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# dmidecode --string system-uuid

i'm using the code above get the uuid on each host in my environment. As far as I understand the uuid should not change between different Linux distributions on the same host with the same hardware configuration. But after some tests on different Linux distributions I encountered different uuid with this same command

It seems that older dmidecode version will get different UUID result.

for example dmidecode 2.9 from sles11.2 result with string A and dmidecode 2.12 from debian 8 result with string B. How can I get the same uuid no matter the Linux distribution I deploy on my machine?

Additional information:

i wanted to use dmidecode and not MAC address as uuid because i saw that if i replace my network adapter or some other hardware’s settings the uuid will not change. What i need is some unique identifier that i can have on my machine to identify it across minor hardware changes and different OS. using dmidecode cannot be fake in some level i guess instead of just generating uuid and writing it to a file and using it. im working with VMware and machine clones are often used and that why i need something that will not be replicated with the clone.

  • what do you need to know is the same? the distro and version? – Skaperen Jun 22 '15 at 12:32
  • Not sure about system-uuid, but would the NIC's MAC-address work? – frostschutz Jun 22 '15 at 12:48
  • The uuid represents the host in my data base and that how I know what record to update. Do you recommend using mac address as my uuid? – Asaf Magen Jun 22 '15 at 13:19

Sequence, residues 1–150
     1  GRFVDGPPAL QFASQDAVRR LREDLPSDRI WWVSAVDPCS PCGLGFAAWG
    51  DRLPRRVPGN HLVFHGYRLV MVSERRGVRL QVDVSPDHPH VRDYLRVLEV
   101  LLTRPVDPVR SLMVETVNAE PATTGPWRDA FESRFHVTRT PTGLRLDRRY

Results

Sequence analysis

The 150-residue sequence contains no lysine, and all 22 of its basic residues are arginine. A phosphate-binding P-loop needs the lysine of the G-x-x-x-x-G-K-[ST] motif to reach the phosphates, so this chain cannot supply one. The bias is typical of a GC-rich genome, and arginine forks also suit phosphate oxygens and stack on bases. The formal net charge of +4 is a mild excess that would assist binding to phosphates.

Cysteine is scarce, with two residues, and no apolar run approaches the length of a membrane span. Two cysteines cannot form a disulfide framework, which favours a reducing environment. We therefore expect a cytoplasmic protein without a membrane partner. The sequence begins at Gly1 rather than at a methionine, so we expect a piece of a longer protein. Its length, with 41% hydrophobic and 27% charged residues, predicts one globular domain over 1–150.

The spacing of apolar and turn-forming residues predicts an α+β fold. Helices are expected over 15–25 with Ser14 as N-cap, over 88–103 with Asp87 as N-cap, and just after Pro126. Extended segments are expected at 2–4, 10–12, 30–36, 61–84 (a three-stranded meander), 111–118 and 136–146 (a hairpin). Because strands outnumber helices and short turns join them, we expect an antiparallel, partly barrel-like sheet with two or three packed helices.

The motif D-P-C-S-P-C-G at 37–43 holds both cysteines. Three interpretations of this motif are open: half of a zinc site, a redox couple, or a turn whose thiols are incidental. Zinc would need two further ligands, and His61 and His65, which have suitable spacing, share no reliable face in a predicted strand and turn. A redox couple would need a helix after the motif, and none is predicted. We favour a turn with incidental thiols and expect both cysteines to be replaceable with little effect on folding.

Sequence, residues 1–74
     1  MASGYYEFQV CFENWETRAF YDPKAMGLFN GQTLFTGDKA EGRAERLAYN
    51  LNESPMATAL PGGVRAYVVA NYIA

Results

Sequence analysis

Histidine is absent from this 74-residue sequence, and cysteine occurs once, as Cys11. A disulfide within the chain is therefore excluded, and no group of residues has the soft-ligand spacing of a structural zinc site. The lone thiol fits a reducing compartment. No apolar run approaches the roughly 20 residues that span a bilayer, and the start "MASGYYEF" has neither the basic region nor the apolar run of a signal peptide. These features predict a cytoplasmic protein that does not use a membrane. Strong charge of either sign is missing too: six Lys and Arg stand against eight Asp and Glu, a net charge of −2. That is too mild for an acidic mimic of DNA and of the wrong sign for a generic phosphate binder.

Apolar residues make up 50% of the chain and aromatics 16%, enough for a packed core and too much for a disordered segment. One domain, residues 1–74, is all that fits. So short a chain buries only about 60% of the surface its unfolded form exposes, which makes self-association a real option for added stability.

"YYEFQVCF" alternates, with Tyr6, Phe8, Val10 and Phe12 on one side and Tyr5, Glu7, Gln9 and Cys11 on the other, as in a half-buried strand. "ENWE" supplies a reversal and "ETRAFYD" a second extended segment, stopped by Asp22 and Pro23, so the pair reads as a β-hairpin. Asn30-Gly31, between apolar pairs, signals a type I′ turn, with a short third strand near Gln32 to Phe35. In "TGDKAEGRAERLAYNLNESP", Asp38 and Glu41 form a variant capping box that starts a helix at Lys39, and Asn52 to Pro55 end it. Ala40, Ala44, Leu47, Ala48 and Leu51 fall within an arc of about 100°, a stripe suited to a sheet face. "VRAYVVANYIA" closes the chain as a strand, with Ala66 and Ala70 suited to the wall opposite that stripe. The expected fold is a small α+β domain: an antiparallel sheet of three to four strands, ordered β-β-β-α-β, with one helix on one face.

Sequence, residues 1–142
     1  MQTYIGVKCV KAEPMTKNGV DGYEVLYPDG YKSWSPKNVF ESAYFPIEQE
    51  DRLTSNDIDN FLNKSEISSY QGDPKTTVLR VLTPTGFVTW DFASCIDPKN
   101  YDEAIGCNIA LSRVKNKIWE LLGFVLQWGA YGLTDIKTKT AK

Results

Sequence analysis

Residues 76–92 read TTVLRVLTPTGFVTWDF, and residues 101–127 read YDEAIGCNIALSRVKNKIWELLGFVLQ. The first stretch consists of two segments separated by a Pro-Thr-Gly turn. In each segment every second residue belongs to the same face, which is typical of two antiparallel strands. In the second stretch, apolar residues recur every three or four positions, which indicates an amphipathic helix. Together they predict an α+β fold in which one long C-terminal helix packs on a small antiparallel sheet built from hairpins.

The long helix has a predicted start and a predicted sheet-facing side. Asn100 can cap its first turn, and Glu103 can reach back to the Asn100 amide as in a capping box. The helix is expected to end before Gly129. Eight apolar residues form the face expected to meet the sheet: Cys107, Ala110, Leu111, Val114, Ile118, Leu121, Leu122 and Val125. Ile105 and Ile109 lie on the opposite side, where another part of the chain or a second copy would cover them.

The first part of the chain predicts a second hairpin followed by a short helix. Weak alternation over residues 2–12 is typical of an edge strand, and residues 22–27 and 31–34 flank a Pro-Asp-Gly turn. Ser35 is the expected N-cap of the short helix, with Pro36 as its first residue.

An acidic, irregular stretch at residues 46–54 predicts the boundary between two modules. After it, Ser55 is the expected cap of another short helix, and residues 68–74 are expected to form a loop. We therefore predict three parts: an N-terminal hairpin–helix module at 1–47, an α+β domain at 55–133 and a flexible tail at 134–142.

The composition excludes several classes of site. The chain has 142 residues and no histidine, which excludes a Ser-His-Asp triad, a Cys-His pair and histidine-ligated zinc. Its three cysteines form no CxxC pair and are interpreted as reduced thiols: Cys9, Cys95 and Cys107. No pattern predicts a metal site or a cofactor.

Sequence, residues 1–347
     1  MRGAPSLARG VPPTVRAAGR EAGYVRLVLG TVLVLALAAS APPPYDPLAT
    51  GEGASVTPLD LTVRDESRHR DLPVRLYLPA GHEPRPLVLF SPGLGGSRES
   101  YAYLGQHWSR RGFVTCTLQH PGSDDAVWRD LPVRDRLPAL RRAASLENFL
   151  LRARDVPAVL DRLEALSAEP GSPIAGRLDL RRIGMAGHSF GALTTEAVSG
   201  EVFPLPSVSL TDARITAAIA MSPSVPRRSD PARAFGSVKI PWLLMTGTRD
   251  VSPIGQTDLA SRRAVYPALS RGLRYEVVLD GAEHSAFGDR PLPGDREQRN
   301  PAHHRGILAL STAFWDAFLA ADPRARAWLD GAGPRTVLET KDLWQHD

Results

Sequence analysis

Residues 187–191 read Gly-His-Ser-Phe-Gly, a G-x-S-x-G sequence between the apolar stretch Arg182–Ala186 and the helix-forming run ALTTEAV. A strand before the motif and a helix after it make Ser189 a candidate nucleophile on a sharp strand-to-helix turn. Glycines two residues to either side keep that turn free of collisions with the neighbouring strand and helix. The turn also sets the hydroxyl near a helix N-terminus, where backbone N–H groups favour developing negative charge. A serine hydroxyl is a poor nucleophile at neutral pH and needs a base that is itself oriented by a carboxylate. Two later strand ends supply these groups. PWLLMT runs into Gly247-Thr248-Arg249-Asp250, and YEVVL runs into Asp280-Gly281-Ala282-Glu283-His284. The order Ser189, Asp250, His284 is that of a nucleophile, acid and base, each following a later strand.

• What are the two values from dmidecdode? And if these were installed from a package what is that package information for that? – rocky Jun 22 '15 at 14:24
  • the value are uuid strings but they are different from one to another depending on the dmidecode version. it does not matter from what package dmidecode come from but the bin version. for example dmidecode 2.9 from sles11.2 result with string A and dmidecode 2.12 from debian 8 result with string B.(i don't want to publish the strings because of security matters). my main question is how to get one repeated uuid between all os's on the same host. – Asaf Magen Jun 22 '15 at 15:37
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It's sw, it changes whether you want it or not :)

I wouldn't rely on it (and pretty much on any sw or hw-based auto-detected info) for a DB index - both hw and sw may have to be changed and if the info changes as a result you have to start over. Could be even worse - if you can get duplicates your DB will be in trouble.

I'd use an asset management tool for the index - to guarantee its uniqueness - and I'd map the auto-detected info (MAC, HDD, RAM, CPU, uuid, whatever) to the index but as separate/independent values, not blobbed up into a single value. This way you would locate the machine by single/multi-value queries (in most cases), falling back to the index/asset management system as needed. You can also handle hw/sw upgrades/swaps which add/change/remove one or more of the info values (updated uuid, for example).

  • Or use one of the numerous FOSS tool to do it for me... – MUY Belgium Feb 4 '19 at 10:18

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